LONDON (Reuters) - Long-term expectations about oil prices remain firmly anchored around $65-70 per barrel, according to the latest annual survey of energy professionals conducted by Reuters.
Plentiful supplies from U.S. shale plays and other sources outside the Organization of the Petroleum Exporting Countries are expected to keep prices close to their recent range for the indefinite future.
Fears about peaking oil supplies, common ten years ago, have disappeared; now there are some indications that expectations about peaking oil demand are taking hold.
Brent is forecast to average $65 per barrel in each of the next five years based on the median, or $67 this year rising slightly to $69 by 2024 based on the mean.
Most forecasters expect average prices to remain between $60 and $75 per barrel in each of the next five years, with only a very small number expecting them to dip below $50 or rise above $90.
The results are based on a questionnaire sent to over 9,000 energy market professionals, with responses received from 950 between Jan. 8 and Jan. 11.
Price forecasts are very close to last year’s survey and previous years, though in most cases the average has fallen by $1 or $2.
In earlier surveys, there was some slight upward drift in price expectations for the out years, but there is no sign of that this year.
Most respondents seem convinced there will be enough oil to meet conceivable demand at around $65 per barrel in the medium term.
Fewer than 5% thought oil prices would average $100 or more in 2024, prices that would signal pressure on production, which were once common between 2011 and 2014.
In contrast, nearly 16% of respondents thought prices would average less than $50, a possible a sign of softening consumption and market saturation as part of the transition away from an oil-based transportation system.
Among survey respondents, 26% are involved directly in oil and gas production (exploration, drilling, production, refining, marketing and field services).
Most of the rest are involved in banking and finance (19%), research (11%), professional services (7%), hedge funds (7%), other energy industries (5%) and physical commodity trading (5%).
The results from respondents involved directly in the oil and gas industry were very similar to those in other sectors.
Oil and gas insiders and those outside the industry have more or less the same views about prices in 2020.
Insiders are marginally more bullish than outsiders for later years, perhaps predicting higher prices will be needed to ensure production growth, but the difference is just $2 per barrel in 2022, rising to less than $4 in 2024.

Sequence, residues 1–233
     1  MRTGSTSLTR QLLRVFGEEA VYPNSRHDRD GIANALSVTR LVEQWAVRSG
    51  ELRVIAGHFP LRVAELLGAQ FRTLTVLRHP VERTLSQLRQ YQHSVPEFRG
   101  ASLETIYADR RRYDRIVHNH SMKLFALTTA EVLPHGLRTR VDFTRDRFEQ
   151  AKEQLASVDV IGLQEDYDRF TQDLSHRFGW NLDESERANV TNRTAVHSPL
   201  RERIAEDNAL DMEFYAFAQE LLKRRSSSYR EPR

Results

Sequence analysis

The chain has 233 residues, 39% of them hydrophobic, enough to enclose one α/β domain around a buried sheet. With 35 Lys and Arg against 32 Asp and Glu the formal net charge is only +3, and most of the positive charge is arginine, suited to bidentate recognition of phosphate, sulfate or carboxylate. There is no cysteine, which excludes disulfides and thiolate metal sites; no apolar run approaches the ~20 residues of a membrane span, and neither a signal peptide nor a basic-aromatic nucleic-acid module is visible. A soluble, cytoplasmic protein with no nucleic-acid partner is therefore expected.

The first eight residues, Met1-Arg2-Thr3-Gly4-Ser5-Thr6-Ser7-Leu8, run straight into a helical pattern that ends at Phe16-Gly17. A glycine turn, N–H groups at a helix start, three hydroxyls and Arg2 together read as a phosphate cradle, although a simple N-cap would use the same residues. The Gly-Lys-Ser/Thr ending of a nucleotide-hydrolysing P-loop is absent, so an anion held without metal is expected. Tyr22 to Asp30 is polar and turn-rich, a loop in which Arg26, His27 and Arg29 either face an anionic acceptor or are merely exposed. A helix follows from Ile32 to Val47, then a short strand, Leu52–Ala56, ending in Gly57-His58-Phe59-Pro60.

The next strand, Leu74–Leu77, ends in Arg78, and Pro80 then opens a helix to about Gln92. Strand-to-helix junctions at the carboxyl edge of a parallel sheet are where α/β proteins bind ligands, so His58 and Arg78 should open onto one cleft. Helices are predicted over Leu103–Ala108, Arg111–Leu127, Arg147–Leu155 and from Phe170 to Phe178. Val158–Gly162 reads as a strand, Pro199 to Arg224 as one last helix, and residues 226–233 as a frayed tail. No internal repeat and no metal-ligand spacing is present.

Last year’s survey predicted Brent prices would average $63 per barrel in 2019, which proved remarkably close to the actual outturn of $64, based on daily closing prices.
In fact, the survey has been highly accurate since its inception in 2016, with the possible exception of 2018, when prices climbed a bit more than expected.
The main reason for the miss was probably the unexpected severity of U.S. sanctions on Iran, coupled with Saudi Arabia’s restrictive output policy and an acceleration in global growth.
In this year’s survey, as with previous versions, respondents exhibit more certainty about prices this year and next compared with the out-years, which is natural given that uncertainty tends to increase over longer time horizons.
Responses for 2020-2021 are tightly clustered, while expectations for 2023-24 exhibit more variation. Even so, very few respondents expect average prices to fall below $50 or rise above $90 at any point in the next five years.
Response clustering has been increasing in recent surveys, suggesting the anchoring of long-term expectations around the $65-70 per barrel level is becoming stronger.
The longer prices trade around the $65-70 level, with production and consumption roughly in balance, the more expectations are becoming cemented around this level.
Over the last 27 months, since the start of November 2017, Brent prices have closed between $60 and $75 per barrel on 74% of all trading days, with just 10% of closes below this level and $16% above it.
Overall, most respondents expect the oil market to remain comfortably supplied in the foreseeable future, with prices oscillating around the current level and relatively moderate volatility.
John Kemp is a Reuters market analyst. The opinion expressed are his own.
- Oil prices expected to stay anchored around $65-70 through 2023 (Reuters, Jan. 15, 2019)
- Oil prices expected to trade around $60-70 through 2020 (Reuters, Jan. 11, 2018)
- Oil price forecasts for 2017, 2018 rise as downside risks fall (Reuters, Jan. 12, 2017)
- Oil prices expected to recover to around $70 by 2020 (Reuters, March 7, 2016)
Editing by Jan Harvey